World Bulletin / News Desk
EU antitrust regulators charged Danish drugmaker Lundbeck, German peer Merck KGaA and seven other firms with blocking the entry of cheaper generic medicines into the market, in a move that could lead to big fines for the companies.
The charges against Lundbeck and the eight other firms are the first by the EU watchdog against "pay-for-delay" deals -- where brand-name companies pay generic competitors to abstain from putting their rival drugs on the market -- since a high-profile inquiry into the sector in 2009.
The European Commission said on Wednesday the tactic breached EU antitrust rules. It also warned French drugmaker Servier and several generic rivals of further action in the coming days for a similar offence, related to another medicine.
Regulators had said then that such delays cost European consumers billions of euros. Reuters reported on Tuesday that the EU watchdog would act against Lundbeck and Servier.
Companies can be fined up to 10 percent of their turnover if found guilty of breaching EU rules. Lundbeck posted 16 billion Danish crowns ($2.60 billion) in revenues last year.
The Commission said Lundbeck's action together with four generic competitors related to the antidepressant citalopram.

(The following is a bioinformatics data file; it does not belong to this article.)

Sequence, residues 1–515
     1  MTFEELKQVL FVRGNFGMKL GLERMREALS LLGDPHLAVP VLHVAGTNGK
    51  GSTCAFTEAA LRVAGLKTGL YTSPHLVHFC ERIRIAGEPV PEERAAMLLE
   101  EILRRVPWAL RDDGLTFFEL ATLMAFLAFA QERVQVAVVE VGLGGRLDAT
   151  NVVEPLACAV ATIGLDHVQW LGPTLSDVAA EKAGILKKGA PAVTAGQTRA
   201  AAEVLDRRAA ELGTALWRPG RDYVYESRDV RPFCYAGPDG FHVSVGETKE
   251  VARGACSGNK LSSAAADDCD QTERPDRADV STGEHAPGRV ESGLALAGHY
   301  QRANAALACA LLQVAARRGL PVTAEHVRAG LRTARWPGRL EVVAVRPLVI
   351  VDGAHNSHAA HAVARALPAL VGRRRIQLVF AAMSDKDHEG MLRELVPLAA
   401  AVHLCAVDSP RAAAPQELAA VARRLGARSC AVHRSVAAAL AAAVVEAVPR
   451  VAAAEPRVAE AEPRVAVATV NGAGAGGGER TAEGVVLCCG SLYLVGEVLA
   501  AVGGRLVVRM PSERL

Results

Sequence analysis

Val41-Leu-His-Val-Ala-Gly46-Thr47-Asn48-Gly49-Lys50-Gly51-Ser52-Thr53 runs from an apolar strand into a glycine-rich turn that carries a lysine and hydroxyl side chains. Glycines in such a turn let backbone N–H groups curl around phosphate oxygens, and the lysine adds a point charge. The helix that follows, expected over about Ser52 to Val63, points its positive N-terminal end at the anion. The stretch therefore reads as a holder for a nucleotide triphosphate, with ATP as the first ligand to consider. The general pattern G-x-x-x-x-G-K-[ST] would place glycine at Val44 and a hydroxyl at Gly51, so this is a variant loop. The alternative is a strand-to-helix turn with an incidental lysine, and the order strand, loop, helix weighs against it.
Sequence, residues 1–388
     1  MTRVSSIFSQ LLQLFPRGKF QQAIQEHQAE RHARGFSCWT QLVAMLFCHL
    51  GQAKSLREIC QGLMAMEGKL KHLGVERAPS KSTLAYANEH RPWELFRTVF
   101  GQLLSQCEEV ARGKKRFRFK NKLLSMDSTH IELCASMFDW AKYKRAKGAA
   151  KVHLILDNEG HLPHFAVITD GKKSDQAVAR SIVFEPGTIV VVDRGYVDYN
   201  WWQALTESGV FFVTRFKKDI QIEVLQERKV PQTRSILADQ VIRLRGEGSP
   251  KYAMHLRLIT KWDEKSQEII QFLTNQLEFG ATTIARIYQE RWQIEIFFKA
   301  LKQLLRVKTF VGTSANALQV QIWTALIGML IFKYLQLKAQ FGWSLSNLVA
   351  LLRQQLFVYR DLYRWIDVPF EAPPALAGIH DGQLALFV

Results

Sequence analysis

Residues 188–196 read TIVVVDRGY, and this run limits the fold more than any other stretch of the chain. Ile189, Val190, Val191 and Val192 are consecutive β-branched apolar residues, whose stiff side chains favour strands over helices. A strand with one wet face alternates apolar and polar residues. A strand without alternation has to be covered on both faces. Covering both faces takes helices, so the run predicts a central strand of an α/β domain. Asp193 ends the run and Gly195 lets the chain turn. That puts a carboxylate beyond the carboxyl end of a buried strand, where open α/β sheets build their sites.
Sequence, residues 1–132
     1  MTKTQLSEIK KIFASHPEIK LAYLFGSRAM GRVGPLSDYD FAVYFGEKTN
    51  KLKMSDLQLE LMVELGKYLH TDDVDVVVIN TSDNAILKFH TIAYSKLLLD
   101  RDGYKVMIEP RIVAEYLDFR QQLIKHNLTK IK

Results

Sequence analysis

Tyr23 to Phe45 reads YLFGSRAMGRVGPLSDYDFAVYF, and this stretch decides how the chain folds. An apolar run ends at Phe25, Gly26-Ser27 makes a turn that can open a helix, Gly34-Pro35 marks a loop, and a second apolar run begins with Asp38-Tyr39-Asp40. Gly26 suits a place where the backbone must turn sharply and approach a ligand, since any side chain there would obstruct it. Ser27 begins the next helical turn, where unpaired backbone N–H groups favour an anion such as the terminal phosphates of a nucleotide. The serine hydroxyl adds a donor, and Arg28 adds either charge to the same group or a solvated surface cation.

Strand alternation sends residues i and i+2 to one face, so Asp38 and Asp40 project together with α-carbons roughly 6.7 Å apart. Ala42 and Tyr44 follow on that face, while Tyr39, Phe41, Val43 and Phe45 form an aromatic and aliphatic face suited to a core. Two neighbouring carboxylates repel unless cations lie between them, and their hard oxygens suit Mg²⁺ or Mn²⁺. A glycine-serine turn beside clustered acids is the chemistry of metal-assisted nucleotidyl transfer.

"The companies entered into agreements that foresaw substantial value transfers from Lundbeck to its four generic competitors, who subsequently abstained from entering the market with generic citalopram," the Commission said in a statement.
"The value transfers included direct payments from Lundbeck to the generic competitors and also occurred in other forms, such as the purchase of generic citalopram stock for destruction or guaranteed profits in a distribution agreement," it said.
The Commission has been stepping up scrutiny of settlements between drug companies in recent years over concerns some may prevent consumers from obtaining lower-priced medicines.
Lundbeck said it did not believe it had broken EU rules.
"Lundbeck vigorously opposes any allegation of wrongdoing and does not believe its practice has violated European competition law," the company said in a statement in Copenhagen.
The EU watchdog also sent the "statement of objections" or charge sheet to Generics UK, Arrow, Resolution Chemicals, Xellia Pharmaceuticals, Alpharma, A.L. Industrier and Ranbaxy .
On Servier, the Commission said it planned to act against the company and several generic competitors soon.
"Servier and several generic competitors entered into agreements which may have hindered the entry of generic perindopril into markets in the EU," the regulators said.
"In the context of this investigation, the Commission is also looking at the unilateral behaviour of Servier."
The decision comes as the steel arm of the sprawling $100 billion conglomerate struggles to offload its loss-making British assets while its carmaking business continues to be plagued by weak sales.
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